Take this class to ensure that you are using the most appropriate, efficient, up-to-date and least environmentally damaging methods in those efforts. Continue reading “Spring Invasive Plant Management Workshop”

Botanical Sexism: Fact Or Fiction?

pink tree flowers

Photo Credit: Delisa White

By Elton Rogers, Urban Forestry Coordinator

The DNR was recently contacted by a local news station to comment on a theory that tends to pop up alongside the tulips every spring: “botanical sexism,” a theory attributed to horticulturist Tom Ogren.

As a theory, botanical sexism is rather simple. It states that over time, humans have preferentially propagated and planted male trees, thus leading to increases in pollen production and subsequent allergens in our cities. The hypothesis is simple, and the term is catchy, so it is no surprise that it has made its way into the world of social media, having gone viral on several platforms over the last few years. The question remains, however, whether this concept is indeed factual. Continue reading “Botanical Sexism: Fact Or Fiction?”

Upcoming Changes To Three Urban Forestry Regions

The boundaries of the Northeast, East Central and North Central DNR Urban Forestry regions will be altered at the end of April to balance workload across the regions better. The changes are:

  • Winnebago, Fond du Lac and Green Lake counties are moving from the Northeast to the East Central region.
  • Waushara and Marquette counties are moving from the Northeast to the North Central region.
  • Forest and Florence counties are moving from the North Central to the Northeast region.

The map included below reflects these changes and will be available on the Urban Forestry Contacts webpage after the changes take effect.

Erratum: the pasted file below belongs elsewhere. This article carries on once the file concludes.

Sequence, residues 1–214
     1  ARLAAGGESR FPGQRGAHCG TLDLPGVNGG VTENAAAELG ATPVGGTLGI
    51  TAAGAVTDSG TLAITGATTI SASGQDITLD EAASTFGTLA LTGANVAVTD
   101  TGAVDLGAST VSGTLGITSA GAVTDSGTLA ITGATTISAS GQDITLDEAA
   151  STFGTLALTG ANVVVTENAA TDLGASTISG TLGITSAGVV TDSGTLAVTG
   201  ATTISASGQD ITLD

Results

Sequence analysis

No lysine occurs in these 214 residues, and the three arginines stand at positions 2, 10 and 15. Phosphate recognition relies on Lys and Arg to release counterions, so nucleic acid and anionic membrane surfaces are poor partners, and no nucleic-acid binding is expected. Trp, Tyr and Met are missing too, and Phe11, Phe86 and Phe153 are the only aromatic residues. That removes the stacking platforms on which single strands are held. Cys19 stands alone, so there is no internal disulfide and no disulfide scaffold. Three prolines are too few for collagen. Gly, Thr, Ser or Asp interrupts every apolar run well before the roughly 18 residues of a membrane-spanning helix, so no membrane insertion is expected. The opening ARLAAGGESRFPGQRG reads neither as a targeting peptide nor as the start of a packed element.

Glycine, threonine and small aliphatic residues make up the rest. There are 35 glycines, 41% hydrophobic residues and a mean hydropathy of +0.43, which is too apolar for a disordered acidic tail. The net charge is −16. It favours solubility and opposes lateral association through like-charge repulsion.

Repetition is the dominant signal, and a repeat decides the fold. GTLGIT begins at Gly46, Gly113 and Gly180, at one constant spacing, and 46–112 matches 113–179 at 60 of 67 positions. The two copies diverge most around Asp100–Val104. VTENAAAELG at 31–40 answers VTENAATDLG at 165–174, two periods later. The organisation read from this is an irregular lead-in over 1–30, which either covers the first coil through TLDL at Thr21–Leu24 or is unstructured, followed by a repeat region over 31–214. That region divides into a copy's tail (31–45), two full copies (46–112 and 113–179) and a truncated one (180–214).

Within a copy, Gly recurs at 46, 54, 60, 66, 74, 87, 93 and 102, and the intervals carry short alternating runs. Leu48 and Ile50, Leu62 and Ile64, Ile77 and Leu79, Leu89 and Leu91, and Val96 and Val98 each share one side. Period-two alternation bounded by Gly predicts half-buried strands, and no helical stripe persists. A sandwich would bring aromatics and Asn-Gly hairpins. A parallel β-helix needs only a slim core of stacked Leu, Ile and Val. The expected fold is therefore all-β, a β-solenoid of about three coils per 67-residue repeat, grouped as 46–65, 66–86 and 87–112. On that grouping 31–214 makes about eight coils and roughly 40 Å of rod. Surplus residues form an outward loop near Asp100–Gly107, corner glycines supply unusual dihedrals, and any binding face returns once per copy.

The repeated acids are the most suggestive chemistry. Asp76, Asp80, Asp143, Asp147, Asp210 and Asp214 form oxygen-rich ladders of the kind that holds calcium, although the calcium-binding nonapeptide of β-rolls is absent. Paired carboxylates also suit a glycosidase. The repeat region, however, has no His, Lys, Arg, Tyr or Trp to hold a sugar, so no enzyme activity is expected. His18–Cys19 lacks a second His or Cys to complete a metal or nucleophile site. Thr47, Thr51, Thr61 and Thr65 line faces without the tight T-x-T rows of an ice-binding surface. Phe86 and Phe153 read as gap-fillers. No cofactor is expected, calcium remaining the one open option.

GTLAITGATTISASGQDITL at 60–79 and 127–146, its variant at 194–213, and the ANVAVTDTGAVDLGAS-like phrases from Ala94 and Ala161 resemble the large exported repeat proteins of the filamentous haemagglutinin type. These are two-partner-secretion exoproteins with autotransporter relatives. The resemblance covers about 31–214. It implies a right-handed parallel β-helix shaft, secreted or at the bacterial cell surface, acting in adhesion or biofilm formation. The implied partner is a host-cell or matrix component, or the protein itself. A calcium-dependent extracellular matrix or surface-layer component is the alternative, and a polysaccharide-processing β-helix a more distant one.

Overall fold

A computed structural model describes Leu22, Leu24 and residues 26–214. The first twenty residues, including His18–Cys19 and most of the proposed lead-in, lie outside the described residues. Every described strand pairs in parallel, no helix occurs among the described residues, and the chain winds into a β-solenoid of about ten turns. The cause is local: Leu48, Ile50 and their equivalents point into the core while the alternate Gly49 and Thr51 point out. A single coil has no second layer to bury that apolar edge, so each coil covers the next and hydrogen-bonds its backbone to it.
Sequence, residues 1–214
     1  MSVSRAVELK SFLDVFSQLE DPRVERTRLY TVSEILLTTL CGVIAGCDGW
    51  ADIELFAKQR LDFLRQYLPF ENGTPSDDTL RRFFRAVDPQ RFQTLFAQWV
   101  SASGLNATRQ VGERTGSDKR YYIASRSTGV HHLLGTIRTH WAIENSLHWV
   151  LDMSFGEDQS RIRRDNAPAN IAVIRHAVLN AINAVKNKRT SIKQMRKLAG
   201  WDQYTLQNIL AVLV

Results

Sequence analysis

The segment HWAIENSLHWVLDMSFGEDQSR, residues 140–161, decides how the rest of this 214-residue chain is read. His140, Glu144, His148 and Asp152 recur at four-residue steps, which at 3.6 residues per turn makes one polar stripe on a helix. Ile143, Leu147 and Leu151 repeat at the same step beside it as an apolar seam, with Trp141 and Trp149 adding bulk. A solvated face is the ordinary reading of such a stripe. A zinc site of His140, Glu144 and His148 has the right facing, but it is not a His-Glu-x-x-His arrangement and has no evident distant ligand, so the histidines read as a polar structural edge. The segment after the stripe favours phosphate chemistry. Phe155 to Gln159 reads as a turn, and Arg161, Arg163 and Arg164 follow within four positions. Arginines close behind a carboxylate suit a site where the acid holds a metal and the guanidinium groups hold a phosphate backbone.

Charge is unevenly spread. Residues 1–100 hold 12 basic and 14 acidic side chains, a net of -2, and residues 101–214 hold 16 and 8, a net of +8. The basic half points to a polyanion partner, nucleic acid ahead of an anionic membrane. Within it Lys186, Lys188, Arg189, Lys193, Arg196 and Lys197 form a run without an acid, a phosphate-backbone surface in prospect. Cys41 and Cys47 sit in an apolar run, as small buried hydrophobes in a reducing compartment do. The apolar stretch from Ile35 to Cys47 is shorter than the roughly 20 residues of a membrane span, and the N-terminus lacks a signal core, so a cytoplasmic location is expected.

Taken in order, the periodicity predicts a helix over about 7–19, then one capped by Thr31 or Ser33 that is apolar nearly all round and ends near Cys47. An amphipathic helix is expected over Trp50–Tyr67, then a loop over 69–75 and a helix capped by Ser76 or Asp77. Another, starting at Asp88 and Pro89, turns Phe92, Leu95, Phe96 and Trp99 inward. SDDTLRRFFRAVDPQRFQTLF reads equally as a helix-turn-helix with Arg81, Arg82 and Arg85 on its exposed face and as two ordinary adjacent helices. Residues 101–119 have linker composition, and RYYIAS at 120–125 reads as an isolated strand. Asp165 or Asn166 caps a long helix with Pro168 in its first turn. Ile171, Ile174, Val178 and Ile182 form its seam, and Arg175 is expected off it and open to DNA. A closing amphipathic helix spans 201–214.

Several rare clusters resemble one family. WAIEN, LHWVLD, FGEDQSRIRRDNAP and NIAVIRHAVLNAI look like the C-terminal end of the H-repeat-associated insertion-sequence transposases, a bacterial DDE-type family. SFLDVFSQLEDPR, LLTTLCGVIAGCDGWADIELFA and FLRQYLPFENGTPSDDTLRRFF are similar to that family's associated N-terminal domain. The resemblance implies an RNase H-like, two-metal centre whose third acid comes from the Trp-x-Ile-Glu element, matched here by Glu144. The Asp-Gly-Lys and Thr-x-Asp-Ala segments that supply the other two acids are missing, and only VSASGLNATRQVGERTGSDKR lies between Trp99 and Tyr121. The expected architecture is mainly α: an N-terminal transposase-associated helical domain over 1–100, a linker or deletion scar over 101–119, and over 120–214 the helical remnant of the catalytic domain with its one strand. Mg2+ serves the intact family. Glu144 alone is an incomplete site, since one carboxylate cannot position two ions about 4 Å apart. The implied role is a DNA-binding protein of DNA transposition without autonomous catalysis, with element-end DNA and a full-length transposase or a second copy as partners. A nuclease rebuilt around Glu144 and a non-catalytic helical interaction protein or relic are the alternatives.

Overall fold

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Make The Most Of Arbor Day On April 26!

The first Arbor Day celebration was held in Nebraska in 1872. More than 150 years later, Arbor Day is celebrated in all 50 states and in many countries around the world. This year, Arbor Day will be observed in Wisconsin on Friday, April 26. Below are ways you can celebrate, educate and care for trees in your community.


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Celebrate Arbor Day Using Social Media (See Our Suggested Posts Below)

For the last few years, our urban forestry team has been writing social media posts for Wisconsin communities to post during Arbor Week. We encourage you to use social media to celebrate the many benefits of trees and inform the public about the importance of tree care.

Feel free to use the suggested messages provided below or develop your own create tree campaign.

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A Taste Of Tree City USA In Wisconsin

Started in 1976, Tree City USA is one of the Arbor Day Foundation’s oldest programs. The founders had a vision for a greener, healthier America and hoped this initiative would inspire change on a nationwide level. The first Tree City USA cohort was comprised of 42 communities in 16 states. Today, the program includes more than 3,600 communities from all 50 states, Washington D.C. and Puerto Rico.

Publicly demonstrating commitment to the environment is a great way to build pride among residents, as well as position your community as an attractive place to live. The Tree City USA program provides communities with a four-step framework to maintain and grow their tree cover. It also gives them an avenue to celebrate their work, showing residents, visitors and the entire country that they’re committed to the mission of environmental change.

Here are just a few examples of the 193 Tree Cities in Wisconsin.